The young Giotto brought a bealthier feeling to bear on art when he painted the subject of the crucifixion on the sacred walls of Assisi. Though his art was still imperfect, he brought the spirit of life and freedom into Southern Europe. Two pictures are selected by Mr. Gambier Parry as showing the influence of Giotto on two men of different natures and times, Beato da Fiesole and Tintoretto. The devotional character of the one and the dramatic character of the other are well described. Nicholas of Pisa represented on a panel, in the thirteenth century, the figure of the Crucified in a calm and dignified attitude without sign of pain. As a fine example of concentration of interest in a single figure, the crucifixion by Guido at Modena is mentioned ; and, lastly, a drawing of Michel Angelo, now in the British Museum, is referred to as being 'evidently a design ' for a great altar-piece in basso-relievo.' The figure of our Lord in this drawing is beautiful. “Stretched with its arms raised upward on a Y-shaped cross, painless, motionless, exquisitely patient.' It is the picture of a tragedy indeed, for what else could it be? but composed with such reverence, and expressed with such intensity of mingled tender‘ness and power, as to engage the deepest sympathy, and

arouse ideas that will not be forgotten. Thus in all stages of art, from the rude workmen of the slab at Wirkworth to the design of Michel Angelo, the same principle may be traced--that beyond and above all power of realistic expression is the idea of reverence, aiming especially at expressing the central thought of the artist. It is in this sense that we can heartily echo the words with which Mr. Gambier Parry concludes this part of the eighth essays

' Sacred imagery is precious to those who can respond to it; an aid to the weak, a delight to the strong, a store unfailing for art to use, to adorn not walls alone but minds, with thought of what is highest,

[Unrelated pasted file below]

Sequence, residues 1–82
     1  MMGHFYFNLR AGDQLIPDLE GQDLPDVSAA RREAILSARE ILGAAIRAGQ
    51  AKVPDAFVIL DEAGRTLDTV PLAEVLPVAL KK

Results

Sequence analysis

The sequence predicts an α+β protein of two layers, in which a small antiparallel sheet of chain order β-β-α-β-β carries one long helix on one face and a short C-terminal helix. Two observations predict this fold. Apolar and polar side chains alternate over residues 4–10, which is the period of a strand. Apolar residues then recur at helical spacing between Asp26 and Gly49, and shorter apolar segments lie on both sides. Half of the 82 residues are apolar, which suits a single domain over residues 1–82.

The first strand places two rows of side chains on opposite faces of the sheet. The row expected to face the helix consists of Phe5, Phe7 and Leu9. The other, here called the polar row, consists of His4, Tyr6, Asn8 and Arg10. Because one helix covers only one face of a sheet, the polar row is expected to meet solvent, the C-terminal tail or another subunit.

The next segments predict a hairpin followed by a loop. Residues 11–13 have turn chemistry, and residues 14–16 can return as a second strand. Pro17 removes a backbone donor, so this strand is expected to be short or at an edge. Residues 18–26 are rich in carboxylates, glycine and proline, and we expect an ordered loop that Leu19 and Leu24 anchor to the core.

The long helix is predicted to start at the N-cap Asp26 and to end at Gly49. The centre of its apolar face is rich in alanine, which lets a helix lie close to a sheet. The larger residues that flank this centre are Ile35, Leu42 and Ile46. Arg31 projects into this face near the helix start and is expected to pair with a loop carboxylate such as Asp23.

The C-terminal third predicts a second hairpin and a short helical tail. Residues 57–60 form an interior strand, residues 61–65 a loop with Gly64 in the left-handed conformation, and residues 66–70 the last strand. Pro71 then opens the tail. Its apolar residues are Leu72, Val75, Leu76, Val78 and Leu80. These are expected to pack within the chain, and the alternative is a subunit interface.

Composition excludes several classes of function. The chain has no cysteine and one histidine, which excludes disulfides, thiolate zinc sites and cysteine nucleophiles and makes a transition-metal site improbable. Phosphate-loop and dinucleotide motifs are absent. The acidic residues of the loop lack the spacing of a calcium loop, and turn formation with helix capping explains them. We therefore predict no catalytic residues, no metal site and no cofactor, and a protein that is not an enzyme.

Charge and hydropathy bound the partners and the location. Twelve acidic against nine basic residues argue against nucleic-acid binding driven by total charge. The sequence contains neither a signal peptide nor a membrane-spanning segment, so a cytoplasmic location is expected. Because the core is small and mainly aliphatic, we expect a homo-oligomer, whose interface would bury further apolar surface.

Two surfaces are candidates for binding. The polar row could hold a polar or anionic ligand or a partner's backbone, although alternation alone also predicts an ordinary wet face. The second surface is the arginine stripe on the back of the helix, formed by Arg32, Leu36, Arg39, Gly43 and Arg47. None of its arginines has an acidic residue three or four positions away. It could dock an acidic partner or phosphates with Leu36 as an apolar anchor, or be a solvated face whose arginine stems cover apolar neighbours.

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noblest, loveliest, that the blessed God had spread along the path of life, to lead them upward to Himself.'

The second part of this essay deals with emblematic figures, style, and motive. The author says, especially with regard to architecture, that the true motive of religious art is “Sursum corda.' As art became exclusively realistic, it lost its spiritual influence, till at last it became absolutely vulgar, as may be seen in some of the monuments in our metropolitan churches. It was otherwise in paganism, so long as the spirit of poetry prevailed, and in early Christianity, which suggested by such symbols as the palm, the dove with the olive branch, &c., spiritual realities.

The emblematic figure which was represented longest in Christian art was the Church-Ecclesia, under the figure of an Orante in the Catacombs. The same figure represented a female martyr, or a saint, afterwards the Virgin Mary. Sometimes the Christian Church is contrasted with the Jewish Church-the one as the accepted bride of Christ, the other as the faithless bride. References illustrative of this are given to the churches of Chartres, Mans, Bruges, and St. Denis. Sometimes, as in the Sacramentary of Metz, now in the National Library at Paris, “the Church is represented • standing close to the cross, and reaching up with her chalice 'to receive the blood from Christ's wounded side, while the • Virgin and St. John stand at a distance to the right and • left.'